This Buzzed-About Modular Hive System Lets You Keep Your Bees Indoors

Have you ever considered beekeeping as a hobby? Would you enjoy the ticking time-bomb sensation that comes with keeping hundreds of bees under glass inside your home, as opposed to in the backyard or at some other safe distance from your living room? If you answered yes to both of these questions, the BEEcosystem might be for you.

Described as an observational honeybee hive, these 21-inch by 18-inch hexagonal displays are intended to be wall-mounted and feature a clear glass front that lets users stare into the bee abyss, as Business Insider reports.

When mounted indoors, the units come with a clear transfer tube that runs outdoors via a window sash so bees can forage for pollen. (If the tube gets dislodged, an auto-closing mechanism ensures that bees don’t invade your home.) The company strongly recommends that the units be mounted on wall studs to accommodate the weight of the bees and their honey.

A dog observes a BEEcosystem panel

The BEEcosystem also has a sliding feed panel so that you can nourish your new colony with water and table sugar, as well as a light-filtering cover so the bees aren’t disturbed by artificial light sources in the evening. The units can also be chain-linked to accommodate growing populations

You might be wondering if—angry bees in your kitchen aside—this is actually a good idea. When the BEEcosystem was beginning to get press during its developmental stages in 2015, some beekeepers voiced concerns about whether the consistently warm temperatures of indoor living might influence a bee’s life cycle, or if they might be more prone to disease. Since there's not yet a surplus of people with bee displays mounted on their dining room walls, no one's quite sure yet, but you can see how the system works in the video below.

You can preorder the hives, which are expected to ship later this year, for $599 each.

[h/t Business Insider]

This Just In
Fictional Place Names Are Popping Up On Road Signs in Didcot, England

Driving along the highway in Didcot, England, you may notice something strange: the road signs point the way to places like Neverland and Middle-earth.

The names of these and other fictional locales from literature were seamlessly added to road signs by an artist/prankster using Transport Medium, the official font of British road signs.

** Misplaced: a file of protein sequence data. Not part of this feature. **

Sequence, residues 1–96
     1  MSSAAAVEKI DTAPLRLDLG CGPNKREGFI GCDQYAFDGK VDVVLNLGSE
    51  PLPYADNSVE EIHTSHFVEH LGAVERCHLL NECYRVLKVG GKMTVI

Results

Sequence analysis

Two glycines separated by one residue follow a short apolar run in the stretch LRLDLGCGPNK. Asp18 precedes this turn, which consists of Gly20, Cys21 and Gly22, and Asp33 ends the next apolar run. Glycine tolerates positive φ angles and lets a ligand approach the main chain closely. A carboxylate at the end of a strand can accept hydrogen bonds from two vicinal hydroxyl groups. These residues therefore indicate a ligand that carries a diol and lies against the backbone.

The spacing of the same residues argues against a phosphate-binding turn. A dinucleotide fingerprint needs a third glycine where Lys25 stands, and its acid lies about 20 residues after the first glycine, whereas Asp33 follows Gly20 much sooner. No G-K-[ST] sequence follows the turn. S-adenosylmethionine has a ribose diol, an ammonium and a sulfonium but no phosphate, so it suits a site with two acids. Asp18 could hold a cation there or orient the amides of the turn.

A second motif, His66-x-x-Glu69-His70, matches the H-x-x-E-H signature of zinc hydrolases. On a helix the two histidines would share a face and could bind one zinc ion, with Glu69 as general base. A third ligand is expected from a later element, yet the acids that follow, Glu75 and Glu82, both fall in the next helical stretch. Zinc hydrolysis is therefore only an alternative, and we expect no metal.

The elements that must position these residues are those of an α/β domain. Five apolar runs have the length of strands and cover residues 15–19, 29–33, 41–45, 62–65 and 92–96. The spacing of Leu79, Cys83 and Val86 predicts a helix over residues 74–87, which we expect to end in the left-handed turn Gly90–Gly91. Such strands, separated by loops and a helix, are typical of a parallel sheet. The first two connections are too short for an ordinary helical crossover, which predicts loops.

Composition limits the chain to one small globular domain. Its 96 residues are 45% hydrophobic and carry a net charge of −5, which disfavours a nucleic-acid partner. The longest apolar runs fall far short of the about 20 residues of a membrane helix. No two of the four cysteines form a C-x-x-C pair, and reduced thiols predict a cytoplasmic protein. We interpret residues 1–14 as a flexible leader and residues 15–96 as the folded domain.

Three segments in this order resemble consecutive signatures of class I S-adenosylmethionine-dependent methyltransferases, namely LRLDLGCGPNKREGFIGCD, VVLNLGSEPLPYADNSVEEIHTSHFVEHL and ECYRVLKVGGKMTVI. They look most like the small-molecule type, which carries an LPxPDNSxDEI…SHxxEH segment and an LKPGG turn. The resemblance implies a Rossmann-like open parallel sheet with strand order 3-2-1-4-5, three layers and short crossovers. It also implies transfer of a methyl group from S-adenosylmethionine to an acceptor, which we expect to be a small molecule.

After some sleuthing, BBC News found the man responsible, who spoke to the outlet on the condition of anonymity. He told the BBC that he's been orchestrating "creative interventions" all over England for about 20 years under different pseudonyms, and that this project was a reaction to Didcot being labeled "the most normal town in England" in 2017, which rubbed him the wrong way. "To me there's nowhere that's normal, there's no such thing, but I thought I'd have a go at changing people's perceptions of Didcot," he said of the town, which he describes as a "fun" and "funky" place.

Oxfordshire County Council isn't laughing; it told the BBC that although the signs were "on the surface amusing," they were "vandalism" and potentially dangerous, since it would be hard for a driver who spotted one not to do a double take while their eyes were supposed to be on the road. Even so, thanks to routine council matters, the signs are safe—at least for now—as the Council says that it is prioritizing fixing potholes at the moment.

Jackie Billington, Didcot's mayor, recognizes that the signs have an upside. "If you speak to the majority of people in Didcot they're of the same opinion: it's put Didcot on the map again," he told BBC News. "Hopefully they'll be up for a couple of weeks."

There are five altered signs in total. If you fancy a visit to the Emerald City, you're pointed toward Sutton Courtenay. Narnia neighbors a power station. And Gotham City is on the same route as Oxford and Newbury (and not, apparently, in New Jersey, as DC Comics would have you believe). If you want to go see the signs for yourself before they disappear, you'll find them along the A4130 to Wallingford.

See the signs here and in the video below.

[h/t BBC News]

Prepare to Be Stumped By This Math Problem Meant for Fifth Graders

Math is hard. Just ask Mumsnet user PeerieBreeks, who posted a ‘simple’ math riddle meant for fifth graders to the parenting website, and ended up with more than 500 comments—many of them from adults struggling to come up with the correct answer. Here’s the riddle:

For the most part, the problem-solvers who shared their answers all believed that the man made a profit, but whether it was $10, $20, or $30 seemed to be in hot dispute. Can you figure it out? (Scroll down for the answer. We’ll give you a minute …)






The wording of the riddle, not the math, seems to be what’s throwing most people off. Because the transactions in question relate to the same horse, people are looking at it as a single, four-part transaction—buys, sells, buys, sells. But the correct way to look at the problem, and figure out the answer, is to look at it as just two transactions: a man bought a horse and sold a horse. A man bought a horse and sold a horse. (The man could just as easily have bought and sold a dog in one of those transactions and it wouldn’t change the outcome.)

All of which is to say that the correct answer is: The man made a $20 profit.


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